Helping Ease Pressure Sores
Bedsores, also called decubitus ulcers, are areas of damaged skin tissue which can cause severe infections, some of which are life-threatening. You are at risk as a result if your skin is exposed to moisture and any combination of prolonged pressure, shear, friction and heat. Your risk increases if you use a wheelchair, are bedridden, or are unable to change your position. Bedsores commonly form on the heels, ankles, buttocks, hips, back and elbows.
Immediately contact your doctor if you show signs of infection, such as increased redness or swelling around a skin ulcer, a fever, drainage from an open sore, or if you detect an odor.
What Causes Pressure Sores
While pressure on the skin contributes to the formation of bedsores, other common factors that can damage the skin include:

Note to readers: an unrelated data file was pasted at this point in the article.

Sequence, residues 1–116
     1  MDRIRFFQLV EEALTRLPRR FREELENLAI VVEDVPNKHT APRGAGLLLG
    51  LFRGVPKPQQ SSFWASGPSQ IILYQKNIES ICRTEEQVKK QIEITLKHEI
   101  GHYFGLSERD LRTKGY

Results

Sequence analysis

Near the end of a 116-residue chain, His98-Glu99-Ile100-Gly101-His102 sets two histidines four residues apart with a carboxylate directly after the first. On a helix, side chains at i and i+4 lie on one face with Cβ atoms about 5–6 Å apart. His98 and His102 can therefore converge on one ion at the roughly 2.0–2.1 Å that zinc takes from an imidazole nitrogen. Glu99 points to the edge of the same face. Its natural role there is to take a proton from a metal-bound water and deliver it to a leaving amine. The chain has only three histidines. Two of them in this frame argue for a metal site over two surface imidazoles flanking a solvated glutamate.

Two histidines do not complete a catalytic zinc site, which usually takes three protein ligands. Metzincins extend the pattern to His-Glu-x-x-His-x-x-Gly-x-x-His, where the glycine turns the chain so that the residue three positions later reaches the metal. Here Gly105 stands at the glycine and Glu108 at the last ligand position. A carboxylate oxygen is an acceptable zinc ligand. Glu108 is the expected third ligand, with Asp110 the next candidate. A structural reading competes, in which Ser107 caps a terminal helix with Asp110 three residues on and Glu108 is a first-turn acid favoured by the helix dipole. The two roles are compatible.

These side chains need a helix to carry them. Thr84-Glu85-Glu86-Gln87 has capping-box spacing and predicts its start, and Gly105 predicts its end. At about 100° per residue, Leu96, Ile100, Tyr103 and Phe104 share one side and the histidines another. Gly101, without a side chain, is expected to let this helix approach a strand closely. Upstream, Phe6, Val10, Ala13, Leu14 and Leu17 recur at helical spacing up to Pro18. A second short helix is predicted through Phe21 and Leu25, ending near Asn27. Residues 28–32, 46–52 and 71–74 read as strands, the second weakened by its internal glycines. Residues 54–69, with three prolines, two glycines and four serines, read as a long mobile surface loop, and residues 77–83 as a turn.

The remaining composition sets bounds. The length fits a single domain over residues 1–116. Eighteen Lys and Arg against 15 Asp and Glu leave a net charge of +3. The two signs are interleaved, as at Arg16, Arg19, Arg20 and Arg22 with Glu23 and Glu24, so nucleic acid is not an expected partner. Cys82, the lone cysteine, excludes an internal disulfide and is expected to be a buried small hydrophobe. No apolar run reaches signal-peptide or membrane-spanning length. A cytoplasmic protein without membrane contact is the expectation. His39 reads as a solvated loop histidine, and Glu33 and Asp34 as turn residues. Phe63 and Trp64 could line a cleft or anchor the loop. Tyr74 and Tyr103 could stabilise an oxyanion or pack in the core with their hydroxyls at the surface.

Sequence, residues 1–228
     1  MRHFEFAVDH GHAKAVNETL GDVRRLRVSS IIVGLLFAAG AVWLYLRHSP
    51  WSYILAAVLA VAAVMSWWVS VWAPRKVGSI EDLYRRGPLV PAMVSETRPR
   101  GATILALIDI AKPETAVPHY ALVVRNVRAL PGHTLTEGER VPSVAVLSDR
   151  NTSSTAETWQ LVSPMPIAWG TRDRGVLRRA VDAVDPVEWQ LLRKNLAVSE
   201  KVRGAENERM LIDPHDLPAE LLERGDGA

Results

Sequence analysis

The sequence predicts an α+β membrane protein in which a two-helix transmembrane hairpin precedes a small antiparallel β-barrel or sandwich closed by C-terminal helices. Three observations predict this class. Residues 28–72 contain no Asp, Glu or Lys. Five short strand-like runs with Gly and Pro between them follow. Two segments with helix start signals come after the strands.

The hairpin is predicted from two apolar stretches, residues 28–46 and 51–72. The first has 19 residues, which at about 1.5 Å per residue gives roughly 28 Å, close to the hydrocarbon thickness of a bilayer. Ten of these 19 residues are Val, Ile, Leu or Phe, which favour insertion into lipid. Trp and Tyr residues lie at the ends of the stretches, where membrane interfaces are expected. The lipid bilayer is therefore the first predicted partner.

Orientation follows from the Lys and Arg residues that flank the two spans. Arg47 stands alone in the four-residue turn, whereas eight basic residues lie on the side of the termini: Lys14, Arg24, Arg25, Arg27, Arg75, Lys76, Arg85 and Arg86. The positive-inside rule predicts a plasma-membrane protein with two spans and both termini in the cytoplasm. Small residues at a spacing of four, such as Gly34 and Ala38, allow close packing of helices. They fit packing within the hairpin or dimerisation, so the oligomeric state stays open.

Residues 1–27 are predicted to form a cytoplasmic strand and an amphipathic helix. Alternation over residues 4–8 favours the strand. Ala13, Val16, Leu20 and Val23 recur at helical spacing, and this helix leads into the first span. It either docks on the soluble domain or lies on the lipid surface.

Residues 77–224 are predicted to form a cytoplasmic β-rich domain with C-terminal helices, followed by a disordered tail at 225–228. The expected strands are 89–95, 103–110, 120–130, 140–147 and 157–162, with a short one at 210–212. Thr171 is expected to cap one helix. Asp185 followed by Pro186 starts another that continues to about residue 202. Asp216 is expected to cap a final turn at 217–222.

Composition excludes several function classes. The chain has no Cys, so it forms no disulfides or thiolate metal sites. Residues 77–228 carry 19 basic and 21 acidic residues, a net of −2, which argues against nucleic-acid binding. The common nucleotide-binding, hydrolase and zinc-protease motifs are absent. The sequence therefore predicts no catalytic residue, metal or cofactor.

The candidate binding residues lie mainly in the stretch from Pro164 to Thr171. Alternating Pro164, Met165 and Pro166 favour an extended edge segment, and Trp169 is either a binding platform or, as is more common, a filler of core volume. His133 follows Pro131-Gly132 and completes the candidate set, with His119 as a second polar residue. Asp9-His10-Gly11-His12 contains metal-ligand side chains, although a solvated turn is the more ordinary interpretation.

Friction: occurs when the skin rubs against clothing or bedding. It can make fragile skin more vulnerable to injury.
Shear: occurs when two surfaces move in the opposite direction; shearing and friction can occur when a person is slid across bed sheets. When the head of the bed is raised more than 30 degrees, shearing forces are increased over the lower back and tailbone.
Moisture & Heat: wetness from sweat, urine or feces along with a rise in temperature has been clinically demonstrated to contribute to skin damage.